Science and research is recognised in King’s Birthday Honours

Several  scientists were among the recipients of honours bestowed in today’s King’s Birthday and Coronation Honours list.

The 2023 King’s Birthday and Coronation Honours include one appointment to the Order of New Zealand, one Dame Grand and six appointments as Dames and Knights Companion.

On behalf of all New Zealanders, Prime Minister Chris Hipkins thanked the 182 Kiwis being recognised for their service.

Press statements were issued by Sports Minister Grant Robertson (Sports stars and administrators honoured) and Maori Development Minister Willie Jackson (Kapa Haka rangatira amongst those honoured on King’s Birthday) to congratulate the sporting stars and administrators and Māori from all walks of life who were honoured.

No similar statement was released by Research, Science and Innovation Minister Ayesha Verrall.

But the people who were honoured for their scientific and science-related work included: –

Companions of the New Zealand Order of Merit:  

FRENCH, Distinguished Professor Nigel Peter

For services to epidemiology

Professor Nigel French began his career as an epidemiologist in the United Kingdom before moving to New Zealand, where he was appointed Professor of Food Safety and Veterinary Public Health at Massey University in 2004.

He pioneered the use of genomic sequencing to trace the source of outbreaks of food and water-borne bacteria, community infections, and controlling Mycoplasma bovis in livestock. His research in 2005 pinpointed sources of food-borne Campylobacter infections, informing interventions which halved the rate of infection by 2007/2008. He helped contain the 2016 waterborne disease outbreak in Havelock North and has worked with iwi and the Uawa/Tolaga Bay community to help ensure food and water quality.

Professor French founded the Molecular Epidemiology and Public Health laboratory in 2005 and the Infectious Disease Research Centre at Massey in 2012. He was founder and inaugural Director of the New Zealand Food Safety Science and Research Centre. He founded and led the New Zealand-China Food Protection Network and was a founder and co-director of One Health Aotearoa (OHA). Through OHA and other initiatives, he has led inter-disciplinary research programmes in both New Zealand and the United Kingdom. He has provided technical advice towards New Zealand’s COVID-19 response.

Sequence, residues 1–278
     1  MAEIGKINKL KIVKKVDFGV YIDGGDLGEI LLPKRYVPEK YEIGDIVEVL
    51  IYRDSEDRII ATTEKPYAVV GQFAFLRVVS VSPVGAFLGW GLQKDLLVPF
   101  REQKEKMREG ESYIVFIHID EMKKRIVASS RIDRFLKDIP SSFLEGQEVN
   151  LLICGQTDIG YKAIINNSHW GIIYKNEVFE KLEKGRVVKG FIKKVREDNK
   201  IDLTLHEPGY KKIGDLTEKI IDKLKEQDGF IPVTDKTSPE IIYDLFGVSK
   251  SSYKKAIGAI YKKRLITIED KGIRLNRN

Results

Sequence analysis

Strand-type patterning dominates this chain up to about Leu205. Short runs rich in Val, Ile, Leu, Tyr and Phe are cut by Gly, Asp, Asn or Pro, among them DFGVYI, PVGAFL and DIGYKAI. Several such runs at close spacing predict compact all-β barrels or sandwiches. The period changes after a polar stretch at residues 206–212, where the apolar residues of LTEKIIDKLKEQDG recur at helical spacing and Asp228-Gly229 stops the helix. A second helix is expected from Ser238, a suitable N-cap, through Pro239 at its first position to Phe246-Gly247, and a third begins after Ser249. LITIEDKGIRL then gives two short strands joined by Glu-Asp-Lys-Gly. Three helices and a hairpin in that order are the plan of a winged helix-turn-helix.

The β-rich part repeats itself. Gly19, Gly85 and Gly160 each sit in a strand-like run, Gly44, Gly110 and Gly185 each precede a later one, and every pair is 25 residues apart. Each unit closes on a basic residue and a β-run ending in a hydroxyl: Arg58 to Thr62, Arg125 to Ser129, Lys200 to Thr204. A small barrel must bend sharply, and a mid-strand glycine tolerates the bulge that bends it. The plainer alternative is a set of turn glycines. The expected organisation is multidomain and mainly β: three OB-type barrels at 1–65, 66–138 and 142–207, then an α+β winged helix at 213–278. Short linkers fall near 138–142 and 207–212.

Professor French has been involved with international research initiatives, including food safety, infectious diseases and zoonoses in Tanzania.

GILBERTSON, Ms Deborah Kennedy (Deb)

For services to business, science and technology

Ms Deb Gilbertson has been contributing to the science and technology sectors for more than 40 years.

Ms Gilbertson established Te Kaihau Education Trust in 2006,a consultancy which grows leaders to innovate for a better world. Through Te Kaihau, she was awarded a United Nation’s Alliance of Civilizations award for her ‘Global Enterprise Experience’ contest, for its impact on fostering cross-culturalism, peer-leadership and social entrepreneurship in 120 countries. She founded the Emergent Māori Women’s Leadership Programme and the Women in Agriculture Network, which achieved a membership of 10,000 in its first decade of operation. She designed and ran the National Venture Capital Industry Development Workshop in 1986, which led to significant policy changes and an increase in number of venture capital organisations. She co-founded and was a member of the Wellington Venture Capital Association board and was a member of Te Ao Kotahi Trust board which promotes social and economic development. She established and was a member of the Innovative Technologies Programme board and the Chair of DSIR’s Science and Technological Advisory Council. Ms Gilbertson was a member of the Lincoln University’s Agricultural Economics Research Unit, through which she developed and ran a National Goat Industry Development workshop, which generated $5 million support for the industry.

PRIME, Mr Samuel Kevin (Kevin), ONZM, MBE

For services to Māori, the environment and health

Mr Kevin Prime (Ngāti Hine, Ngapuhi, Ngāti Whatua, Tainui) has contributed to Māoridom for more than 50 years, has been a distinguished official for various Crown entities for 40 years, and was appointed an Officer of the New Zealand Order of Merit in 2016 for his services to conservation and Māori.